Robustness means that software has gone through the necessary troubleshooting it needed and is now ready to function without any bugs defects or problems that can cost you millions of dollars in the blink of an eye. In other words it is reliable.

Because of the network of authors and developers OSS becomes robust much earlier than closed systems do because developers enjoy debugging the code and can gain status and legitimacy for their work. These incentives lead to more debugging and a better overall product for the consumer.

I started this article by having you imagine your trading software malfunctioning, the system crashing and you losing out on the trade of a lifetime.

Bugs and software malfunctions are a part of life in the digital world, but you don’t have to become a hostage to delayed responses from software vendors or updates that take weeks to arrive.

Make the change to Open Source trading software today by downloading Marketcetera Here and joining the Open Source Software Movement!

How Trading Has Changed, and Why That’s Bad For Proprietary Trading Systems.

Trading, whether it’s stocks, bonds, forex, or any other kind of asset class has changed dramatically over the last few years. Technology, the financial crisis, and new regulations among other factors have combined to make trading in 2016 and beyond look completely different than what has come before.

This is bad news for the old ways of doing business and even worse news for the closed systems that were previously used in trading.

How Trading Changed

Since the financial crisis we have seen the emergence of “high frequency trading” (or what we simply call today “trading.”) High frequency trading (HFT) uses high-speed computers and software to enter and exit trades based on algorithms related to price, volume and other variables.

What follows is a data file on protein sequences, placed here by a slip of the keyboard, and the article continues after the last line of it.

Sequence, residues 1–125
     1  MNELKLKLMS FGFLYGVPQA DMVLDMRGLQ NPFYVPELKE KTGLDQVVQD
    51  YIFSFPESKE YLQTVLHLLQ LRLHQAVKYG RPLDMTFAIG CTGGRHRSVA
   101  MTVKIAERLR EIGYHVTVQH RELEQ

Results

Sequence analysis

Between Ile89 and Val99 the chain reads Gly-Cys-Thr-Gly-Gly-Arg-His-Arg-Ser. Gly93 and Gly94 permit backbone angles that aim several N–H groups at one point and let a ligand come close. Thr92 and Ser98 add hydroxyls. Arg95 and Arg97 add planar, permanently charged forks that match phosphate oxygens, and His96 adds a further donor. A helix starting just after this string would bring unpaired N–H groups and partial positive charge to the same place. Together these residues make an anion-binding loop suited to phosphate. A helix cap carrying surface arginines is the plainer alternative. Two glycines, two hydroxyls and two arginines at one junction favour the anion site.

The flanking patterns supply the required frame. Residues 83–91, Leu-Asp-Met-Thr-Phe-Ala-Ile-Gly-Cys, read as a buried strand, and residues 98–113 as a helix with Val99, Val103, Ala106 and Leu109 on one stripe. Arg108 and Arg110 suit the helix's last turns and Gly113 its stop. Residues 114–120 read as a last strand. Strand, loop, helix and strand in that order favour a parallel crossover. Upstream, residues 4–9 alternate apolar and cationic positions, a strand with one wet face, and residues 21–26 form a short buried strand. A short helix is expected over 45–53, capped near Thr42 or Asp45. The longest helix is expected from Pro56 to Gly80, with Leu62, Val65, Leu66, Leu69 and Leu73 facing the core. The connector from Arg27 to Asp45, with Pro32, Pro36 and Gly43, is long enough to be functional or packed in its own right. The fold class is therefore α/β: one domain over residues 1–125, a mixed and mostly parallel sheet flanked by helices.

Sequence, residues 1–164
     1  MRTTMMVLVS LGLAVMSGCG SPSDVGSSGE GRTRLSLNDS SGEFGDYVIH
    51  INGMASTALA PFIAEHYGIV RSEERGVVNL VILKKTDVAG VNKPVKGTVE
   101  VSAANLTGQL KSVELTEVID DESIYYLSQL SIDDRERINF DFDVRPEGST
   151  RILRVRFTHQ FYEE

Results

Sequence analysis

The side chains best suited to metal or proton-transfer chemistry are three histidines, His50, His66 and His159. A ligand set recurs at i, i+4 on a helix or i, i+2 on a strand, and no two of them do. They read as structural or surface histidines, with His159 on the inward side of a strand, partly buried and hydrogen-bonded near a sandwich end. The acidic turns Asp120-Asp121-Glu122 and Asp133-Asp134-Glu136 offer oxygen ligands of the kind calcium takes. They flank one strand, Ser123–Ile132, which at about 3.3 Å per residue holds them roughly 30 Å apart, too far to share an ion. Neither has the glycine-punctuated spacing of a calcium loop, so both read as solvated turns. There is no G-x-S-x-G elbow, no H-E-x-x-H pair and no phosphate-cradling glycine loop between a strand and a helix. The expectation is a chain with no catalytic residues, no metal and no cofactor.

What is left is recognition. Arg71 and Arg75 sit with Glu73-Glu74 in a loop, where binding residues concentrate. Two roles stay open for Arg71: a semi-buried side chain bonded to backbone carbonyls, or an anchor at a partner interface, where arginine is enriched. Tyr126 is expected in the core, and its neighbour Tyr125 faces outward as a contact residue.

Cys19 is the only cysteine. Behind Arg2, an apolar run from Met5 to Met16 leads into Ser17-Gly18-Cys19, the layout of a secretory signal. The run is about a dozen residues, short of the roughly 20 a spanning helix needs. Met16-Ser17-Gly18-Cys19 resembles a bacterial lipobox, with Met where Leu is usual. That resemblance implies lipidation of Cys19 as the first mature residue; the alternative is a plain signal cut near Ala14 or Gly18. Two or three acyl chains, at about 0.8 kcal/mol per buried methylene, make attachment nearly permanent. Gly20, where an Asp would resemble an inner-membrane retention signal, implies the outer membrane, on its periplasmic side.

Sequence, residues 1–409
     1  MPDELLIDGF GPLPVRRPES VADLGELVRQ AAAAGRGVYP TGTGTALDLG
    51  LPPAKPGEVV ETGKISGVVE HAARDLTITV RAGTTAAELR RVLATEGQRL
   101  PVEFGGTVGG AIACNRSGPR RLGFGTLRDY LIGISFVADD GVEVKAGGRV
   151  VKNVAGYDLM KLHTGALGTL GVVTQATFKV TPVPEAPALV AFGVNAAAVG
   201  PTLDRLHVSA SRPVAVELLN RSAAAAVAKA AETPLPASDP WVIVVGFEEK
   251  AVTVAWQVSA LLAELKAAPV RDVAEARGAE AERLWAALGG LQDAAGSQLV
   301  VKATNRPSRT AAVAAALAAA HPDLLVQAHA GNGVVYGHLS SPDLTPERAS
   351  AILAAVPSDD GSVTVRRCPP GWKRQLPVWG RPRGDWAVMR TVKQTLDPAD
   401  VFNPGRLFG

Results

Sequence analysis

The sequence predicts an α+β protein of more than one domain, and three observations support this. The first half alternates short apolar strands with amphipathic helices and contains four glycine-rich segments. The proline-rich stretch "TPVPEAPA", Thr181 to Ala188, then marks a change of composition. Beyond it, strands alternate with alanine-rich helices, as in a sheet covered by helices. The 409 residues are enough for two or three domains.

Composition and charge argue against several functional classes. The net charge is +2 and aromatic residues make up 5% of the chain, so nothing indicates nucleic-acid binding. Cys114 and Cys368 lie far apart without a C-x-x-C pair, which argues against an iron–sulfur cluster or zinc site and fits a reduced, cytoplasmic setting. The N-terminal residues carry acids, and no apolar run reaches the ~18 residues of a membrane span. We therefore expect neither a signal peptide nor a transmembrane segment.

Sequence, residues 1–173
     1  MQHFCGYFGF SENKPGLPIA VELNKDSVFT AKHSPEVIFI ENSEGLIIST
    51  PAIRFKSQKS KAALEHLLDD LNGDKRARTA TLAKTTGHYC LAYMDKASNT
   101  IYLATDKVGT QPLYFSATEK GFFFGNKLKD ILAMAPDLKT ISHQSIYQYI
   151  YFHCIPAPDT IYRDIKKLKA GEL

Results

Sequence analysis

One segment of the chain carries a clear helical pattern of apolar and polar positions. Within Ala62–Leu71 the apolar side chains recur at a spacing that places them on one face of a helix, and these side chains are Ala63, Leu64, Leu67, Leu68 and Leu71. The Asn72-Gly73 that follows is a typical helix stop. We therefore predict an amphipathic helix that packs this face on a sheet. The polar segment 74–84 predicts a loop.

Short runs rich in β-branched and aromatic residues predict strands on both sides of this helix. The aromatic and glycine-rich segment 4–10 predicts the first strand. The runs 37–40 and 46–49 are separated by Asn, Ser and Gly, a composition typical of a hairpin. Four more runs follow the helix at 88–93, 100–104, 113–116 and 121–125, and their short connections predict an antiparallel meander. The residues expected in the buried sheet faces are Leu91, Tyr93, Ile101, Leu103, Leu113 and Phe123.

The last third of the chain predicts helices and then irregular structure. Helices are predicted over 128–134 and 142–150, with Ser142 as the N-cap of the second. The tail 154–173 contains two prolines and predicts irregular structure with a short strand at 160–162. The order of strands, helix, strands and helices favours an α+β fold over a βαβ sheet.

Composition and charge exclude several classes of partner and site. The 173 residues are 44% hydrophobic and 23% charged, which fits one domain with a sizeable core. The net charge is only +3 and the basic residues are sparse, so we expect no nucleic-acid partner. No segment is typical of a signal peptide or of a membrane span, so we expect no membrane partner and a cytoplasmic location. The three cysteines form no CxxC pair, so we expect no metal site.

The rise of HFT has been exploited by bad actors introducing techniques such as quote stuffing in order to gain an unfair edge.

At the same time as HFT was becoming the new normal, government regulators are becoming more determined to crack down on the bad actors and are issuing more and more regulations leading to a need for greater transparency both for the government and for investor peace of mind.

Meanwhile, the trading community now has to keep up with the new latency norms, avoid the actions of bad actors and comply with all the new regulations!

Compounding these problems is the old model of brittle, closed, proprietary software.

The Weaknesses of Closed Systems

One of the major problems facing trading firms is the historic industry reliance on closed trading systems.

These systems are sold and maintained by service providers who are already focused on their next sale by the time you’re setting up your system.

Proprietary service providers are waging a territorial battle for your company’s IT budget. Once they establish a beachhead, they want to upsell you with ancillary services and technologies. Start with market data and expand with a trading platform. Start with a trading platform and offer custom algorithms. There is no incentive in this model to make their technologies open or extensible or to make it easy to integrate with other technology solutions you have implemented in your environment. They certainly do not want to make it easy for your team to do your own integration work.